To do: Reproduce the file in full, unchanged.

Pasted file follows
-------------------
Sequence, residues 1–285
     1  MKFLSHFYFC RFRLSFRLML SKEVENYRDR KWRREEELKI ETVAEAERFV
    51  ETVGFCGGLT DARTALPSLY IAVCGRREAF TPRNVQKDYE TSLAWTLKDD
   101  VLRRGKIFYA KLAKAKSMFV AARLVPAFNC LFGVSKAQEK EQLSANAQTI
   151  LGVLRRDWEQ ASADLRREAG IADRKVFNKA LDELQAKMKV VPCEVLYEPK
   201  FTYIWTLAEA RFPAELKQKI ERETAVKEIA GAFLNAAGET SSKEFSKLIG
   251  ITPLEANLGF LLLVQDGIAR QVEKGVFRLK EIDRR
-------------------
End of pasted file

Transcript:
Sequence, residues 1–285
     1  MKFLSHFYFC RFRLSFRLML SKEVENYRDR KWRREEELKI ETVAEAERFV
    51  ETVGFCGGLT DARTALPSLY IAVCGRREAF TPRNVQKDYE TSLAWTLKDD
   101  VLRRGKIFYA KLAKAKSMFV AARLVPAFNC LFGVSKAQEK EQLSANAQTI
   151  LGVLRRDWEQ ASADLRREAG IADRKVFNKA LDELQAKMKV VPCEVLYEPK
   201  FTYIWTLAEA RFPAELKQKI ERETAVKEIA GAFLNAAGET SSKEFSKLIG
   251  ITPLEANLGF LLLVQDGIAR QVEKGVFRLK EIDRR